• Steve says:

    Contracts of sale deposited at the land registry will all be very recent deals. In the last few months the Euro has appreciated quite strongly against sterling, so I would not expect many UK buyers to be buying now, when they can see they are paying more than they would have a short time ago. Since 2 January 2013, the pound is down 5.67% against the Euro and 10% in the last half year.

  • Costas Apacket says:

    No doubt some will see a bright light at the end of their tunnel vision.

  • Fighting For Justice says:

    Does anyone think that the Cyprus authorities will ever wake up and smell their effluent?

  • Mike says:

    So where is the Tsunami of Russian, Chinese, Iranian and Israeli buyers? Would the majority be buying in the Occupied areas or are they just not buying.

  • Adrian says:

    So, apart from the collapse of the property market and banking sector oh! and the construction industry, then there is the corruption and incompetence in government and the legal profession and the unemployment is there really anything that is a surprise any more.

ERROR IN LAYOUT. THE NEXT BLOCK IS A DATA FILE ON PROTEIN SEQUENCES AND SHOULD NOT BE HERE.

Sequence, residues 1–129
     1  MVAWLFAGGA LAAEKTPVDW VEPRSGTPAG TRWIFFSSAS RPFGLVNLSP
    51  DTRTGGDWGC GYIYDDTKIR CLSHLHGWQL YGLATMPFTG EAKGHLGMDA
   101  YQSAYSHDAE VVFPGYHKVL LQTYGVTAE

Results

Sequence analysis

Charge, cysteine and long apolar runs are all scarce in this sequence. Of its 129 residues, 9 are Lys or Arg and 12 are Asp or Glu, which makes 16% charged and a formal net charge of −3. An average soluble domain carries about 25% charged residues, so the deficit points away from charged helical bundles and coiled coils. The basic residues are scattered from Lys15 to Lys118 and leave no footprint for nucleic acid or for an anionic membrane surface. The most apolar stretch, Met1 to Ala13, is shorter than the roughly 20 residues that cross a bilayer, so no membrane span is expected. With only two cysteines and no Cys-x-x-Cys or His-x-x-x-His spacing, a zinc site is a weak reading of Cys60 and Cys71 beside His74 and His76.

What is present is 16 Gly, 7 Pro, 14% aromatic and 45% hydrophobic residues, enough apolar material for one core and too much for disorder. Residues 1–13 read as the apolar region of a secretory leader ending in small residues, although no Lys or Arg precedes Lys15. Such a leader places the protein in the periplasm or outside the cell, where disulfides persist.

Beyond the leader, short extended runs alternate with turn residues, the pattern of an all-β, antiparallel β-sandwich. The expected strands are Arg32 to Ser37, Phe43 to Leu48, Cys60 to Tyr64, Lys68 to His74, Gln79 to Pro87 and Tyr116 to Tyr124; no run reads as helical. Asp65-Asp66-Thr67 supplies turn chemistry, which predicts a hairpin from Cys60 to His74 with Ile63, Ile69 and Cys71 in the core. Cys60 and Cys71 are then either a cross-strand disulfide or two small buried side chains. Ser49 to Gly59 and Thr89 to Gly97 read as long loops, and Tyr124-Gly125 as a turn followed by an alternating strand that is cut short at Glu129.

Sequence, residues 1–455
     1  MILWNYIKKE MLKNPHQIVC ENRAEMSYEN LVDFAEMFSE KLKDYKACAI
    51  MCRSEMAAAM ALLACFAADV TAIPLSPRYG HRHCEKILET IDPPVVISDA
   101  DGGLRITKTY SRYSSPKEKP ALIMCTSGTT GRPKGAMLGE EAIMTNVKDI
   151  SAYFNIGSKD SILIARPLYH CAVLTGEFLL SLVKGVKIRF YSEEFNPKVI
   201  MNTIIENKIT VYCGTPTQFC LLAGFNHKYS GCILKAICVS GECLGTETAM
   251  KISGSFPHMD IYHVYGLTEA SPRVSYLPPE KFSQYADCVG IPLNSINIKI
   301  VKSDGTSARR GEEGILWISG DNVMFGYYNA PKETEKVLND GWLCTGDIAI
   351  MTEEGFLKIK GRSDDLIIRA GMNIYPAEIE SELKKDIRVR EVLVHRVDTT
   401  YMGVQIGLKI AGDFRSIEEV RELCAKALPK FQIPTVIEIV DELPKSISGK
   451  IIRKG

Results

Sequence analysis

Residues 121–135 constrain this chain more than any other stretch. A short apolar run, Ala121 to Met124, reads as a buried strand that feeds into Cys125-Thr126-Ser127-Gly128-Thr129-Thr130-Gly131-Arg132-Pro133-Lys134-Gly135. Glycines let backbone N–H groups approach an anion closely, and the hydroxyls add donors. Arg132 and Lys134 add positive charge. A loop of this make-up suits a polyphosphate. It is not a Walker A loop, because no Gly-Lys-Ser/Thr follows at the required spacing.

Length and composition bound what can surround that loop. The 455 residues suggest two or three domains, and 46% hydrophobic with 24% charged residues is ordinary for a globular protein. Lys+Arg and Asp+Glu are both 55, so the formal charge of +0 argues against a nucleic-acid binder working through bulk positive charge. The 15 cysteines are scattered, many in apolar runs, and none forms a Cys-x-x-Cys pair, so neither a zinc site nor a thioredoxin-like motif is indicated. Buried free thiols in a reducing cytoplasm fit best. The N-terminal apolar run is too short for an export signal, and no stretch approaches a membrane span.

It is a pity that the panel of distinguished economists could not have predicted the crash of the economy or maybe they did but the President didn’t want it made public until we finished off paying for the new power station and he was settled in his retirement home!

  • Richard says:

    Whatever you sow…you reap.

  • andyp says:

    And why is there a lack of liquidity in the market?

    A) Title deeds
    B) Developer mortgages
    C) Untrustworthy Lawyers
    D) Poor building control
    E) General lack of trust in the Cyprus property industry
    F) All of the above

  • Robert Briggs says:

    The interest shown by the Chinese et al, is not quite the same as actually signing the property sales contract.

    Grasping at straws, springs to mind.

    Due to the ghastly property reputation that Cyprus has acquired & now known throughout the world, including China.

    Hardly anyone is touching any property here.

    So it is essential for any kind of improvement, that the property laws are placed on a decent legal footing ASAP & that Title Deeds are available to the buyer at point of sale. R.B.